Okay, time to spill the beans. The M’s decided not to make any moves today. They feel that Myers is still a good candidate to be dealt in August, as non-contending teams won’t put in waiver claims on him, and they’ll be able to ship him off somewhere in the next four weeks. Everyone else is sticking around for the rest of the year. Here’s a recap of what they walked away from, all of which will be pretty strongly denied by the front office if asked directly. It’s just what they do. Please don’t shoot the messenger:
First, the “big move” I alluded to last night that I really wish could have happened. San Diego put 23-year-old third baseman Sean Burroughs in play, and at one point, it seemed like the M’s and Padres were getting close to coming to an agreement. The M’s apparently offered a package of Hansen, Justin Leone, and Jamal Strong for Burroughs, which the Padres eventually declined. The counter included the Mariners swallowing the contract of Jay Payton. As much as I like Burroughs, I’m glad the M’s didn’t take on Payton’s abysmal contract. Still, thoughts of Burroughs for a few spare parts made me jump up and down, and in my opinion, would have been a better return for what we gave up than the Garcia deal. It just couldn’t get done.
The San Francisco Giants made a decent offer for Randy Winn last week, which included picking up the remainder of his contract. The players offered in return were marginal prospects, but Bavasi was initially leaning towards making the move. After consulting with the coaching staff, they decided to not move Winn, as Melvin believes he’s an underrated player and didn’t want to lose him. Don’t ask me why Bob Melvin gets a say in these matters, as he’s very unlikely to be managing this club next year. Several teams, including Philadelphia, made similar offers for Winn in the past few days and were rebuffed. The M’s wanted a major league caliber player in return. There was some talk that the Phillies might be willing to part with Chase Utley if they could get Villone and Winn together, but they decided to go another direction.
The market for Villone was essentially one average prospect. At least 6 teams made offers on him, all in the same general range. Philadelphia offered the same package that they eventually sent to Cincinatti for Todd Jones. The Braves offered Matt Merricks for Villone, then shipped him to LA for Tom Martin. None of the offers for Villone would have returned a strong prospect, and the organization decided they’d be better off letting him soak up innings the rest of the year rather than taking on a guy who they aren’t in love with.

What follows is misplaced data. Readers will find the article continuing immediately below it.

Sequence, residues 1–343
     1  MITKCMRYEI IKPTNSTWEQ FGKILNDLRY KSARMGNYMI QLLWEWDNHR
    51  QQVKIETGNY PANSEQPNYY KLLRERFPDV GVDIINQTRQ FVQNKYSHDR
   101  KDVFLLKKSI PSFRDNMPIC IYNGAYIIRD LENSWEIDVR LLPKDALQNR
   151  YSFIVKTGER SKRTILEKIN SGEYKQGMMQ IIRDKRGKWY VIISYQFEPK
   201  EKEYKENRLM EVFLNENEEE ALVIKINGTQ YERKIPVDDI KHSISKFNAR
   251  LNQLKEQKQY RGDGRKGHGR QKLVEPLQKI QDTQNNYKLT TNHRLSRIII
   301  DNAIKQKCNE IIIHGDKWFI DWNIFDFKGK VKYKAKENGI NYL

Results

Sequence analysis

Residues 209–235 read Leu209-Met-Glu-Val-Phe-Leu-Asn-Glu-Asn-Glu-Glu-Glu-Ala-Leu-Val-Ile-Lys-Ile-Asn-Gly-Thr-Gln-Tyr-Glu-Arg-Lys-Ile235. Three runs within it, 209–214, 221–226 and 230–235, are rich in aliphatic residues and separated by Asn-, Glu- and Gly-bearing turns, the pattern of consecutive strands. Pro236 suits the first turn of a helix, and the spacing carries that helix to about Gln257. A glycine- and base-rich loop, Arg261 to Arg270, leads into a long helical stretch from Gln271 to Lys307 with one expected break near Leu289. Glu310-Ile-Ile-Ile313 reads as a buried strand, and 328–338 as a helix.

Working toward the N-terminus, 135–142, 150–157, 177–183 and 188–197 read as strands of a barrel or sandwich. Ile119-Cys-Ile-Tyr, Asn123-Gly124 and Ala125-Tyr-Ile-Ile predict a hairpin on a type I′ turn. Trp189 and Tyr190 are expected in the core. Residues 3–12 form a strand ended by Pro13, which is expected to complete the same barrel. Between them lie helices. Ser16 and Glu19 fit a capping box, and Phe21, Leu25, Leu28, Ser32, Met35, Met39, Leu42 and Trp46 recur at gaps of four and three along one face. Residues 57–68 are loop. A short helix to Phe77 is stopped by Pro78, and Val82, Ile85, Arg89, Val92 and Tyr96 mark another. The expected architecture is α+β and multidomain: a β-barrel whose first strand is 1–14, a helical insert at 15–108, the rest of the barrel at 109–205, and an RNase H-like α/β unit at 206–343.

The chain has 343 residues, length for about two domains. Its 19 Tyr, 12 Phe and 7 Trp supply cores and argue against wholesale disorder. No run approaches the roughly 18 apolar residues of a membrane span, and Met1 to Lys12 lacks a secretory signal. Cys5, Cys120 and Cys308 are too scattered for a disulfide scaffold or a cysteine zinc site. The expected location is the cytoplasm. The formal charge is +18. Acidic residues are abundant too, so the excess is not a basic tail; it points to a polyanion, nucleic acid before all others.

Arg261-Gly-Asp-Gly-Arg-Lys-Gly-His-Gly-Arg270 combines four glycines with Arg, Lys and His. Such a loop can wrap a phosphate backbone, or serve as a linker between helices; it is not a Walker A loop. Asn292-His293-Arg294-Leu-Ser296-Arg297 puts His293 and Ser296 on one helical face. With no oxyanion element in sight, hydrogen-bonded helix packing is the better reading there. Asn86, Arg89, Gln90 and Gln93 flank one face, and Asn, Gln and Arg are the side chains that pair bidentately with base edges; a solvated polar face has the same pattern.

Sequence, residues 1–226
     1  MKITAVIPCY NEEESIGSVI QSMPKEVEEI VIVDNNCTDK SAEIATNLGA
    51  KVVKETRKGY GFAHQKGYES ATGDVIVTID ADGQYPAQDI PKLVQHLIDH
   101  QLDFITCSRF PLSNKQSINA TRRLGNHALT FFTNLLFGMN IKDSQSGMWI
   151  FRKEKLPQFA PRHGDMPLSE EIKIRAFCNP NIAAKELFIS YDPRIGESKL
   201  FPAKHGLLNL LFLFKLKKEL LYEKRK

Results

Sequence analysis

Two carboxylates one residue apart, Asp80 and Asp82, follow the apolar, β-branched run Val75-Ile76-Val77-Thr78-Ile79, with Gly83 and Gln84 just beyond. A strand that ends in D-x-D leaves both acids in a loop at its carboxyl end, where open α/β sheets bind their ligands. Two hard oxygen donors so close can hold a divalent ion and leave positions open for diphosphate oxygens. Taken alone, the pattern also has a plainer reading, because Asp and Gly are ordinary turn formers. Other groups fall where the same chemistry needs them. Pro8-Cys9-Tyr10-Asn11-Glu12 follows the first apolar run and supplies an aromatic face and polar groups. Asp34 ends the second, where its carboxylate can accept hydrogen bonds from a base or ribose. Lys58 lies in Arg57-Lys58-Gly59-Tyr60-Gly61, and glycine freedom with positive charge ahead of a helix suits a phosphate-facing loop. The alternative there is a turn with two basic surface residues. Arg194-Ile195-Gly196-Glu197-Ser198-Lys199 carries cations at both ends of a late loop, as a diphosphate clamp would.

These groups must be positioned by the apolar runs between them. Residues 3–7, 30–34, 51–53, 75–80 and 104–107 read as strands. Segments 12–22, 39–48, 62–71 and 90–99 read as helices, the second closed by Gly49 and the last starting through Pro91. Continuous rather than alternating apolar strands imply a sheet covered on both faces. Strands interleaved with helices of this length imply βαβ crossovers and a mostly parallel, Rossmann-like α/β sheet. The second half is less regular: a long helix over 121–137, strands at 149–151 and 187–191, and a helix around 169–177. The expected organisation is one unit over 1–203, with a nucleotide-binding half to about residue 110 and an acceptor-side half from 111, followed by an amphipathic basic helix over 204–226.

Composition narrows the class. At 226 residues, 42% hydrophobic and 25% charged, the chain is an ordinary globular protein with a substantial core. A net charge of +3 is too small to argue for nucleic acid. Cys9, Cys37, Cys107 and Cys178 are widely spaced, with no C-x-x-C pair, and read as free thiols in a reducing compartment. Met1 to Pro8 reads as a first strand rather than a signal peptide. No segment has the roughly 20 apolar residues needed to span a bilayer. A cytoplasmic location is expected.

The M’s didn’t like any of the guys in play for Mike Myers. It was almost all relief prospects and low-level longshots, so they figured they’d hang onto him, see if a team gets desperate and improves their offer in the next couple of weeks. Can’t say I really disagree with this thinking. It can’t hurt to wait, and someone would claim him on waivers if they ever decide they just want to dump the rest of his contract.
The Cubs and Giants made strong runs at Eddie Guardado, but the M’s took him off the market. They value closers very highly and didn’t feel they’d be able to replace him next year if they dealt him now. I don’t know specifically what the Cubs offered, but I do know that every club that asked about Angel Guzman was told no. The Giants package didn’t include Matt Cain or Merkin Valdez, the two jewels of their system.
The market for Bret Boone never really got off the ground, party because the M’s made it known that they didn’t really want to move him. There were a few teams who would have had interest if the M’s were willing to eat a decent amount of his contract next year, but they decided to hang onto Boone and hope he rebounds. Expect him to be the opening day second baseman for the M’s next year.
Jolbert Cabrera drew moderate interest, but the M’s plan on bringing him back next year at his $1.5 million option and declined to move him.
There was never any talk about Edgar Martinez, Jamie Moyer, or Dan Wilson. The M’s had no interest in moving any of the three and were upfront with each team that called about that.
I’ll post my analysis of of the non-action later.
If you want to know just how insane rumor mongering can be, here’s two messages that I got at almost exactly the same time.
“Nomar to the cubs in a 3 way. They get Orlando Cabrera from Montreal. Theo screwed up.”
“Hey, Nomar’s going to the Cubs, 4 way trade, Red Sox getting Cabrera from Expos and Clement from Cubs. Epstein pulled off a winner.”
Seriously, both of these come from really good sources. Personally, I wish MLB would just make the trade deadline into some huge TV special like the draft. Everyone gets a war room, a delegate on the floor, and trades are announced to a nation wide audience and a room of screaming fans. Who wouldn’t watch this?
From all appearances, the M’s didn’t make a move. There are several deals being looked over by the commissioner’s office right now that should be announced shortly, but it doesn’t seem like any of them involve the M’s.
Today’s starting shortstop: Jose Lopez. He takes the roster spot vacated by Dave Hansen.
About 40 minutes to go, though a lot of trades probably won’t be announced until 4:30 or so. The M’s have talks going on that could turn into three or four deals, but I’d guess only one will get done, and that’s going to be Mike Myers. Perhaps Bavasi knows that someone is going to fold their tent and meet his demand for Ron Villone, but right now, it looks like they may have overplayed their hand. Lots of teams grumbling about the M’s prices for mediocrities.
When the deadline passes and we get word what’s done, I’ll bring you up to speed on the deals the M’s had a chance to make and walked away from. They’ve passed up some solid offers, hoping to up the ante. Here’s to hoping it works.